[Show abstract][Hide abstract] ABSTRACT: Pla l 1, the major allergen of Plantago lanceolata pollen, is a glycoprotein that contains an N-glycosylation site. Carbohydrate moieties of many allergenic glycoproteins have been reported to be IgE-binding determinants responsible for cross-reactivity among different species.
To identify the kind of linkages and the type of glycans present in Pla l 1 and to investigate their contribution to the allergic response to this allergen.
Pla l 1 was deglycosylated by N-glycosidase A and the IgE-binding ability of the unglycosylated protein was evaluated by dot-blot. Identification of beta1 --> 2 xylose and/or alpha1 --> 3 fucose residues in Pla l 1 N-glycan was carried out by incubation with specific antibodies from rabbit antiserum against HRP (anti-HRP). The contribution of this N-glycan to total IgE reactivity was analysed quantitatively by pre-incubation of Pla l 1 with anti-HRP prior to incubation with sera. The role of the carbohydrate moiety of Pla l 1 in cross-reactivity was studied by RAST using unrelated glycoproteins with known sugar composition and structure.
The effectiveness of N-glycosidase A to deglycosylate Pla l 1 and the ineffectiveness of the treatment with PNGase F indicate that Pla l 1 carries a complex N-glycan with an alpha1 --> 3 fucose residue in its structure. Furthermore, the presence of beta1 --> 2 xylose and/or alpha1 --> 3 fucose residues was identified in this N-glycan by means of an ELISA. Pre-incubation of Pla l 1 with an anti-HRP antibody caused a weak but significant reduction in IgE reactivity. Some sera from P. lanceolata-allergic patients reacted positively with four glycoproteins that bear N-glycans of complex type but not with fetuine.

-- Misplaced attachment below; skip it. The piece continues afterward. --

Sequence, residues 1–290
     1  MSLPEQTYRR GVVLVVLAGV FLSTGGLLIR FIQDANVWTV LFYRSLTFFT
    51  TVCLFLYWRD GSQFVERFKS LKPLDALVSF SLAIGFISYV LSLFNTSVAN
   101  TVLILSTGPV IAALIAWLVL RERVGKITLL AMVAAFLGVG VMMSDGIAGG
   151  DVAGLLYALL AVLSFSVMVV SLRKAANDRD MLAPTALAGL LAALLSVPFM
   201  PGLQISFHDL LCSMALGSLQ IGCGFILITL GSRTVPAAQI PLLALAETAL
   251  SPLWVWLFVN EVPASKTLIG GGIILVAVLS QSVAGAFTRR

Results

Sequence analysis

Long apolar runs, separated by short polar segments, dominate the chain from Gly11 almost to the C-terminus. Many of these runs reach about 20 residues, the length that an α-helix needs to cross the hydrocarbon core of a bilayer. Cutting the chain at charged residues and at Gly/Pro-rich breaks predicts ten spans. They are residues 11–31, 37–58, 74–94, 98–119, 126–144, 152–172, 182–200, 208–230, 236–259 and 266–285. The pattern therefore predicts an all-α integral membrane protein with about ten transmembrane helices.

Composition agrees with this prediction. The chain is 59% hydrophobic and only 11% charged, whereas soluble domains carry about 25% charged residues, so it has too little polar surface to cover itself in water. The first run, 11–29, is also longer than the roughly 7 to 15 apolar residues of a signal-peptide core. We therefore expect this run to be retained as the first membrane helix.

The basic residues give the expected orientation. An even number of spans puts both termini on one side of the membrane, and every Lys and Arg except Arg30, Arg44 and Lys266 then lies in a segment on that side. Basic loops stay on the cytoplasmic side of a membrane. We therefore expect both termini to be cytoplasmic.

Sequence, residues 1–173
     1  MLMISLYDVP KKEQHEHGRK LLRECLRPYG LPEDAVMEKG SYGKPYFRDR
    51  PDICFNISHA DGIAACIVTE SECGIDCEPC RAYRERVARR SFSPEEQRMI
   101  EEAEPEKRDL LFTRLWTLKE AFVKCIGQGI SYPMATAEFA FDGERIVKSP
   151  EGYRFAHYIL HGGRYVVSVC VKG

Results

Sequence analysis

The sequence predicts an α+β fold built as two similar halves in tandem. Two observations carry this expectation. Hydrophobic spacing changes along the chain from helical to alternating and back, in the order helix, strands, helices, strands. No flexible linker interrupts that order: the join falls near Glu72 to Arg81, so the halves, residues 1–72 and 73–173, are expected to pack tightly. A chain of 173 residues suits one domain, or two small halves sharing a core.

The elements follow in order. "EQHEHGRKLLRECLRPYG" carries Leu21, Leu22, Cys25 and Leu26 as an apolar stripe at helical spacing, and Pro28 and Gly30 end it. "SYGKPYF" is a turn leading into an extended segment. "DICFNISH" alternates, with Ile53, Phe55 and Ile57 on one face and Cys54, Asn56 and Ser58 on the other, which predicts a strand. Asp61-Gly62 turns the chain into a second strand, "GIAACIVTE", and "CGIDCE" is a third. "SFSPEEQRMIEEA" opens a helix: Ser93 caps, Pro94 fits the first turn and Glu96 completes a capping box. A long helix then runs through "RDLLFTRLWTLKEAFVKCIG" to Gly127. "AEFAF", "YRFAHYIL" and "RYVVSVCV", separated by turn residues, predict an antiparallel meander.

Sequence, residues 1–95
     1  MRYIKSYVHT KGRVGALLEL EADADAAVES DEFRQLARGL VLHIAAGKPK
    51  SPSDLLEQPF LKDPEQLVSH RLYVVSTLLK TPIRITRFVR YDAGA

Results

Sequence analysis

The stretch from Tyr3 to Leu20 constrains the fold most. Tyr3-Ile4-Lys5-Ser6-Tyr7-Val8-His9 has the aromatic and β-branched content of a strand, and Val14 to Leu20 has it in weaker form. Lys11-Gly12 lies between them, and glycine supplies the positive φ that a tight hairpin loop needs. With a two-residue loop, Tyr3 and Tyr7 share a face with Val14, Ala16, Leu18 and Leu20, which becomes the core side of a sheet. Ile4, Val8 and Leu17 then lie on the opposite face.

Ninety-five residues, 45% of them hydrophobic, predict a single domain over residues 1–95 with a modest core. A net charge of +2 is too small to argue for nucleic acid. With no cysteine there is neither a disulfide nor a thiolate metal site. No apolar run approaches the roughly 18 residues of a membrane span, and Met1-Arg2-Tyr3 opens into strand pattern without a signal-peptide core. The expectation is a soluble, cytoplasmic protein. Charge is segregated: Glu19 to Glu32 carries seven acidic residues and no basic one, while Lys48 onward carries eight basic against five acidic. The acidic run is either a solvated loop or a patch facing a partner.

Pla l 1 is a glycoprotein that carries at least a complex, major N-linked glycan, with a alpha1 --> 3 fucose residue in its structure and probably also a beta1 --> 2 xylose. This glycan moiety does not seem to constitute a relevant allergenic epitope of Pla l 1.
[Show abstract][Hide abstract] ABSTRACT: The effects of sudden and massive exposure of the general population to novel airborne allergens are not known. This study aimed to investigate the clinical effects of two "new" allergens, ragweed and birch, in an area north of Milan during the last 15 years.
We reviewed the records of 2571 monosensitized patients seen during the last 10 years in two allergy units north of Milan. Data included age at onset of allergic symptoms, and family history of allergic diseases. In this sample, 500 were allergic to grass, mite, birch, and ragweed; 293 to pellitory; 167 to mugwort; 100 to Alternaria; and 11 to plantain.
Birch pollen-allergic patients and ragweed pollen-allergic patients showed a similar mean age at onset (35.3 years vs. 35.1 years; P = NS), but were significantly older than all other groups of patients (P < 0.001). Patients allergic to ragweed and birch pollen, 304 and 323 respectively, were >30 years at the onset of allergic symptoms. A family history of allergic disorders among first degree relatives was far less frequent among patients allergic to birch pollen (29%) or ragweed pollen (27%) than among patients sensitive to all other airborne allergens, except those allergic to mugwort pollen (P < 0.001). In both ragweed and birch groups, a positive family history was significantly more common among subjects < 30 years than in those > 30 years at onset of respiratory allergy (81/196 (41%) vs. 54/304 (18%), P < 0.001 for the ragweed group; 80/177 [45%]vs. 65/323 (20%), P < 0.001 for the birch group).
Exposure of the general population of this area to two new airborne allergens resulted in the onset of respiratory allergy in many older people who lacked any relevant predisposing factor. Although we cannot exclude the possibility that those who became allergic had been exposed to birch or ragweed pollen elsewhere, a more likely explanation is a specific susceptibility that remains viable until the subject encounters the "right" allergen.